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panhandling sign

On the agenda: Panhandling ordinance changes

Update: Council voted 9-0 to adopt the amended ordinance.

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On Tuesday, September 18, 2012, the Greensboro City Council will consider changes to Chapter 20, Article IV. – Persons Begging Or Soliciting Alms For Personal Gain, which is more commonly known as the panhandling ordinance. The ordinance was enacted in 2003 and requires that all panhandlers be registered and licensed and that they comply with all provisions of the ordinance.

A summary of the currently proposed changes:

  • Prohibits panhandling within 100 feet of a financial institution or ATM [Prohibited at 20 feet in the current ordinance, Sec. 20-69. – Place (7)]
  • Limits panhandling to sidewalks [ Sec. 20-69. – Place (10) ]; prohibits panhandling from medians, curbs, shoulders, crosswalks, roadways [ Sec. 20-69. – Place (10) ]
  • Prohibits panhandling within 1,000 feet of an entrance or exit from a U.S. Highway or Interstate [ Sec. 20-69. – Place (11) ]
  • Changes denial of permit times for violent offenders; no panhandling license within 5 years of a Class E felony, 10 years of a Class D felony or 20 years of a homicide [Sec. 20-72. – Privilege license required. (c) (2-4)]
  • Allows for an appeal of a refused or revoked permit [Sec. 20-72. – Privilege license required. (g)]

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One of two tents at the family's former camp site at Summit & Murrow.

Moved-along again homeless family needs place to camp

“I’m just trying to give my son a home. Tomorrow morning, we have to leave again.”

One of two tents at the family’s former camp site at Summit & Murrow.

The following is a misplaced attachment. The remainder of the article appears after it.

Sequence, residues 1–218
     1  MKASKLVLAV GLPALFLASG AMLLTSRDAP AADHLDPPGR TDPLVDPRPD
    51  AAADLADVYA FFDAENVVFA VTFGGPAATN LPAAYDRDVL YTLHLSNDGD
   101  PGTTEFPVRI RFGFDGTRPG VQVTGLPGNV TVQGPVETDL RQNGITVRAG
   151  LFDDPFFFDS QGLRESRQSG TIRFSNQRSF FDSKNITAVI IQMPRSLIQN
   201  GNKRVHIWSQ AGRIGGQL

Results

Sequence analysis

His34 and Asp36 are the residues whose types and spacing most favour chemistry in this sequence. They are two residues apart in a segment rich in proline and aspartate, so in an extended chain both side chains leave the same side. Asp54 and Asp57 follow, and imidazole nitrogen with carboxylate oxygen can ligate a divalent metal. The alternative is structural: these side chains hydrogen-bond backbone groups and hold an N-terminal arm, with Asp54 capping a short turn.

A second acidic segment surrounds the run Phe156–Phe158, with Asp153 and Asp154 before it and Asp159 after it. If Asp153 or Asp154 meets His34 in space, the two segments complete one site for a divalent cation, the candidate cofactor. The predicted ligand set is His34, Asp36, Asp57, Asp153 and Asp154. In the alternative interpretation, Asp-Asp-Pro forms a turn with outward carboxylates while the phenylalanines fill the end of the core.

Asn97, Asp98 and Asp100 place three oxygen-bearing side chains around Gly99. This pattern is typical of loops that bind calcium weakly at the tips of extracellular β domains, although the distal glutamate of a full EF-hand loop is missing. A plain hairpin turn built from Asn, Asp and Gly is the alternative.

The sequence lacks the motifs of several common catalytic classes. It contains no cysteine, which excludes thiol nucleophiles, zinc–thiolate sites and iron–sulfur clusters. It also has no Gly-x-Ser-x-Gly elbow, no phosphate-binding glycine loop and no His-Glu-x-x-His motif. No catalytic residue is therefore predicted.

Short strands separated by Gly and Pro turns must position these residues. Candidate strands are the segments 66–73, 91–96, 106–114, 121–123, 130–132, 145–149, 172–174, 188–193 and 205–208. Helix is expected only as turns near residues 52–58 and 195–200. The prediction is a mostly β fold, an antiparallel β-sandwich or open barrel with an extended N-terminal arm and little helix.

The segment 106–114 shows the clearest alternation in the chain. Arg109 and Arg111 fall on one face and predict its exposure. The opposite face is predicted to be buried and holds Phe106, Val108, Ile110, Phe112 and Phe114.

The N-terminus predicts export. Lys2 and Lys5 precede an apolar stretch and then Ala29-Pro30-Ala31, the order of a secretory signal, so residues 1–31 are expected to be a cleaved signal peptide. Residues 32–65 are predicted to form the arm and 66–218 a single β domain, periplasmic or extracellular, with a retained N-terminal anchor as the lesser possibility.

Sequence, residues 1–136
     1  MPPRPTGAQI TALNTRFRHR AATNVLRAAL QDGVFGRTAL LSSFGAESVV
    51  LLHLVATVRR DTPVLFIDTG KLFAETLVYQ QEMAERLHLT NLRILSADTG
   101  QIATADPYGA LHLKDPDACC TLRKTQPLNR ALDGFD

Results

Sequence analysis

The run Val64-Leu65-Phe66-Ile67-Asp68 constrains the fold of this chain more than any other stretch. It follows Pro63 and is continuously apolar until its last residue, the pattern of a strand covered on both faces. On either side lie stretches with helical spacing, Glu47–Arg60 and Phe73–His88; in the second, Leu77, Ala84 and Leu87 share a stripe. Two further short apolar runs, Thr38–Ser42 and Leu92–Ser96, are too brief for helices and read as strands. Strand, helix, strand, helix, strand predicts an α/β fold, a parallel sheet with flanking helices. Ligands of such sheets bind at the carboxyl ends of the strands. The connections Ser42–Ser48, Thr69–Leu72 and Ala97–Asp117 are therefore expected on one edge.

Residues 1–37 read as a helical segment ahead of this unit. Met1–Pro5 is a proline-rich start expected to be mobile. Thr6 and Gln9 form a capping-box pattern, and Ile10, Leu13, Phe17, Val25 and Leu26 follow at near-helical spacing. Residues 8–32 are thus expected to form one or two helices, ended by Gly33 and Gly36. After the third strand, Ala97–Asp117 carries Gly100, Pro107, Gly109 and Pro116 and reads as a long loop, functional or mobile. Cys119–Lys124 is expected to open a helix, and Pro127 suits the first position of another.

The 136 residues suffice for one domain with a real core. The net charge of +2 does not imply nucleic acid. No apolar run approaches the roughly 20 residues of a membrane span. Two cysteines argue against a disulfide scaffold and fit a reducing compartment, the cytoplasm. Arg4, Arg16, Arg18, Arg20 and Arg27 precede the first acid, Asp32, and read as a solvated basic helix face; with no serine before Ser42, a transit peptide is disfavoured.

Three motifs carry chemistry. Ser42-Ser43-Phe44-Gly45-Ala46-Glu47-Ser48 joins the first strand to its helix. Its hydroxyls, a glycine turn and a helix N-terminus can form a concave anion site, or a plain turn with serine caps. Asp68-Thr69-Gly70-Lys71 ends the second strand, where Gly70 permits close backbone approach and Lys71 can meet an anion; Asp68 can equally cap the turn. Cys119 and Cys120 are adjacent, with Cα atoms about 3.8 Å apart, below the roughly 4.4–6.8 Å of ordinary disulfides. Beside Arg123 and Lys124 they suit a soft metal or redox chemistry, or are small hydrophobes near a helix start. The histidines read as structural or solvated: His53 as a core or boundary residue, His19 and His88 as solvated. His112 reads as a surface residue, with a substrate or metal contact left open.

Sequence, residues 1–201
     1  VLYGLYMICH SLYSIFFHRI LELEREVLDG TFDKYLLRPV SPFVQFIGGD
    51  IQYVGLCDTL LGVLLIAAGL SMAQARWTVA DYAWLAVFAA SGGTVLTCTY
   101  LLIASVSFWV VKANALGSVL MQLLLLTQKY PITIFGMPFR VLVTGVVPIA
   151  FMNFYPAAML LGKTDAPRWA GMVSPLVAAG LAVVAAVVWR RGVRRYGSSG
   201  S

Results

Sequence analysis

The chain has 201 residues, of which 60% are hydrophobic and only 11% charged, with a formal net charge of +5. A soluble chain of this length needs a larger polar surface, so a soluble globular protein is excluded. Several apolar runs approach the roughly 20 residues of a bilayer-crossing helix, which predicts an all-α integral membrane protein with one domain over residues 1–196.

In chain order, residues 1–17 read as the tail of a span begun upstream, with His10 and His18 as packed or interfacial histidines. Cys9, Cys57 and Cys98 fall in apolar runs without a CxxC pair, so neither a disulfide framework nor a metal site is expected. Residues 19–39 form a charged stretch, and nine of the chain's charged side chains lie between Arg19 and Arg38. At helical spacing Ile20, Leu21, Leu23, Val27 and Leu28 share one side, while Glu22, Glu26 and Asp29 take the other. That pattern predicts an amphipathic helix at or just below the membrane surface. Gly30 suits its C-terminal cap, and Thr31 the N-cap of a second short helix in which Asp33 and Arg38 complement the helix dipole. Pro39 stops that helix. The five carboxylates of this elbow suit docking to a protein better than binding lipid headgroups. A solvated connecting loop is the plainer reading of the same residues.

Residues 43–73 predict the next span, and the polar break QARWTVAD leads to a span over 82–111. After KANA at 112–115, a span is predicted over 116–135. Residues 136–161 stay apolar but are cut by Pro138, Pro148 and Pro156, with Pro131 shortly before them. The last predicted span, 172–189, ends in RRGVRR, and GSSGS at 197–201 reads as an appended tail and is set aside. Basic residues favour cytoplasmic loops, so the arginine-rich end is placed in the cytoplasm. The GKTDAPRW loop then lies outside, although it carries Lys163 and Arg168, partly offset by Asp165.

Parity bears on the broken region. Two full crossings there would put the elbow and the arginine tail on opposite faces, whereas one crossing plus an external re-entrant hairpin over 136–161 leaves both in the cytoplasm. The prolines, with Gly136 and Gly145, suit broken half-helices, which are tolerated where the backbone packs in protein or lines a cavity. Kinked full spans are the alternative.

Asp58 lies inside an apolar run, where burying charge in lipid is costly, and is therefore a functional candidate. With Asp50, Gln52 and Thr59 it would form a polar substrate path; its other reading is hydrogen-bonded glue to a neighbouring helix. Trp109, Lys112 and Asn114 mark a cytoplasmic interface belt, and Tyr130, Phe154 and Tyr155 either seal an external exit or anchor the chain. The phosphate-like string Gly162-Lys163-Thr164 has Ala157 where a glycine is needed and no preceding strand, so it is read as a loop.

A homeless, single mom, her teen-aged, college-student son, and their dog were told by Greensboro Police that they have one day to move — tents, sleeping bags and belongings — because of complaints about their camp. They are currently camping behind a business on High Point Road. They don’t know where to go next.

The family previously was living in a camp in a wooded patch on an exit ramp at Summit Avenue and Murrow Boulevard. That property is owned by the City of Greensboro, but the City ordered the family to move after residents of a nearby neighborhood complained about the camp’s visibility.

Homeless advocates* attempted to mediate, but neighbors were insistent and the City gave the family a deadline to move or have their belongings removed by the City**. The family packed their belongings in a friend’s car and went searching for a spot closer to the son’s college. Unfortunately, that new camp site has not worked out, either.

The homeless mom has had to pack up and leave camp sites many times before. But she’s tired. She doesn’t know where they’ll go. And she’s worried about her son. He has to be back in class again on Monday morning.

 

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* I was involved in that advocacy as a member of the StreetWatch team.
** Related post

Federal court rules cities cannot destroy property of homeless

Important for us here in the city of Greensboro, as well:

“Cities can’t randomly seize possessions of the homeless, federal court rules: Homeless citizens in urban areas across the nation, specifically those on Skid Row in Los Angeles, won a huge legal victory today. The U.S. 9th Circuit Court of Appeals ruled in a 2-1 ruling that the city of Los Angeles, including its police force, can’t randomly seize a homeless person’s property unless it’s a threat to public safety or serves as criminal evidence. This also applies to other cities in the United States. In those specific situations where property can be seized, it must be kept intact and moved to a location where the owner can retrieve it.”